For a long time, Melissa Rubenstein of Wyckoff felt that Jews should be more active on the municipal level.

“It was important to me,” Ms. Rubenstein said. She was born in Queens but when she was a child her family moved to Bergen County — first to Park Ridge and then to Montvale. “Growing up, I felt that there was a sort of segregation between the Jewish community and municipal life,” she said. “My goal was to integrate that.”

And now she has.

On Election Day, Ms. Rubenstein was voted onto the Wyckoff Township Committee. She is the first Jew ever to sit on the committee, and the second woman there in the last 84 years.

Ms. Rubenstein moved to Wyckoff nearly four years ago and immediately became active in the town, at first by joining the local mom’s Facebook page to learn more about the community. Now, she’s also the treasurer on the board of the Wyckoff Newcomers and Neighbors Club and on the community service committee of the Realsource Board of Realtors. She has volunteered at the Paramus Veterans Home and in various Rebuilding Together home renovation projects, and she is an active supporter of the Wyckoff YMCA, the local schools, and the Wyckoff Education Foundation.

Trained as a real estate attorney — she received her law degree from Fordham University School of Law and practiced real estate law at the firms of Olshan LLP and Kaye Scholer LLP in New York City — she later became a realtor with REMAX in Wyckoff.

“Wyckoff is a wonderful place to raise a family,” Ms. Rubenstein said. “The people make the town. It’s a big mix — a lot of longtime residents but also tons of new families.” Her own family includes her husband, Sam, whom she described as “incredibly supportive,” and their two children, Jillian, 4, and Lucas, 6.

Ms. Rubenstein recalls that one mom on the Facebook page joked that “Wyckoff moms run the town. That was great,” she said. Nevertheless, she pointed out, while there are many women on the board of education and the PTO, “if you look at the township committee, all five members are men. There’s only been one woman in the last 84 years. That’s not a statistic I’m in favor of.”

As for being the first Jew to serve on the committee, Ms. Rubenstein said she’s not sure why that’s so. “I’m not sure if Jewish residents ever run,” she said. By running — and winning — she hopes to show her children that there is no separation between the Jewish community and the rest of the town. Certainly, she said, “I have felt absolutely comfortable here as a Jew. There’s always a place to go to.” She attends programs at both Temple Beth Rishon in Wyckoff and Chabad-Lubavitch of Northwest Bergen County in Franklin Lakes.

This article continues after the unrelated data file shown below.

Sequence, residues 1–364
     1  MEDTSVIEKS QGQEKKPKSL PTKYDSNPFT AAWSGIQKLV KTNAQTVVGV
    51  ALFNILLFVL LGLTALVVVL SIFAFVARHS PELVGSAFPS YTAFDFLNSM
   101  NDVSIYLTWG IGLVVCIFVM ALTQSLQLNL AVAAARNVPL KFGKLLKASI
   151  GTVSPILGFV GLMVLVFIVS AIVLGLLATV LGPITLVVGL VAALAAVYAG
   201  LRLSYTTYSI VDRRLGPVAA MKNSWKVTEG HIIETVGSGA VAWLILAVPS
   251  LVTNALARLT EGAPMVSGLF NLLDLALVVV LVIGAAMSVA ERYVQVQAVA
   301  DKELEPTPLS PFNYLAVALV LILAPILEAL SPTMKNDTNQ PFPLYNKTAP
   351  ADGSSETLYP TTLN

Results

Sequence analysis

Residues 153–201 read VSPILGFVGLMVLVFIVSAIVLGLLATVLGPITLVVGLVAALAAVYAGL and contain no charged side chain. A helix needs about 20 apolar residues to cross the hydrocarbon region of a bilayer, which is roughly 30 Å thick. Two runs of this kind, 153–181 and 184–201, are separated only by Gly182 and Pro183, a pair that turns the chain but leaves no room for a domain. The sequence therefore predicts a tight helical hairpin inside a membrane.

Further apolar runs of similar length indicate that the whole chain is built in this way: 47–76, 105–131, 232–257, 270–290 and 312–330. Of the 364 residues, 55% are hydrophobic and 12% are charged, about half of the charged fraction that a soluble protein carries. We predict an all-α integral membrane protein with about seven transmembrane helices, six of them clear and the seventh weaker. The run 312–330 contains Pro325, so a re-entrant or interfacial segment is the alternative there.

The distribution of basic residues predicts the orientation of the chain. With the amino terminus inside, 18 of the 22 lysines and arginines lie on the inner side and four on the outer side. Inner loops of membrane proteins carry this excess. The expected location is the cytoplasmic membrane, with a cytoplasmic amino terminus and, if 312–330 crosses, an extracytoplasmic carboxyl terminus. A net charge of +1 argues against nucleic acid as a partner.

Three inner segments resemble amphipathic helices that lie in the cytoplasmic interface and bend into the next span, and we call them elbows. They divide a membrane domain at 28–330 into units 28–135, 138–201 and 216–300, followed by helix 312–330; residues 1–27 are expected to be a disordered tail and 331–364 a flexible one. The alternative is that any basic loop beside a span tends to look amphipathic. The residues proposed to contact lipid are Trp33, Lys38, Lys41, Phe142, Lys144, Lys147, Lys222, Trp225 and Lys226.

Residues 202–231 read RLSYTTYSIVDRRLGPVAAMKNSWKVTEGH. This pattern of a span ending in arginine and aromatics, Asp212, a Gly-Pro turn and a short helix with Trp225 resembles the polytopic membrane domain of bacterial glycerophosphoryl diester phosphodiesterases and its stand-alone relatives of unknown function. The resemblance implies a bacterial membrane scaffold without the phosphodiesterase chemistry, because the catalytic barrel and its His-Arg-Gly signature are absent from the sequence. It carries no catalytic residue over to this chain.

This is the first time Ms. Rubenstein has run for office, she said, but her interest in politics goes back to a two-summer internship in the Ridgewood office of the late Congresswoman Marge Roukema, a Republican legislator for 22 years.

Ms. Rubenstein, who will be sworn in on January 1, is under no illusion that she will feel at home in her new position right away. “I think I will feel uncomfortable at first,” she said. “In any new role, it takes time to get to know other members and the government. I think it will be something to learn about.

“Wyckoff is an incredibly well-run town, with one of the lowest municipal tax rates in the county,” she added. “The goal of everyone, in both parties, is to keep taxes as low as possible.”

The Wyckoff Township committee is partisan, and has had only one Democrat for the past nine years — and that was its “first Democrat,” she said. Not only will she be its only Jew and its only woman, she also will be only its second Democrat. Although the Democrats remain the minority party on the committee, “we’ll try to work together to get things done.”

Ms. Rubenstein hopes that the things she talked about during her campaign will bear fruit. “The main thing we talked about was mayoral selection,” she said. “Currently the mayor is chosen by the township committee. I want to make sure it’s the people’s choice, to see more transparency.” Committee meetings are not videotaped, she said. While this is troubling to the young generation — who are used to tuning in to see what’s going on — it also is problematic for seniors, “who may not be able to get out. I want them to be able to log in and watch.”

Ms. Rubenstein said that she encourages more women and more Jews to take part in municipal government, whether by running for an office or by working on a committee, whether it is parks and recreation, planning, or environmental. “I think it’s important because diversity of opinion is always important,” she said. Although she will be the newbie on the township committee, she believes she will be listened to.

“It’s incredibly rewarding to be involved in the community and to know as many people as possible,” she said.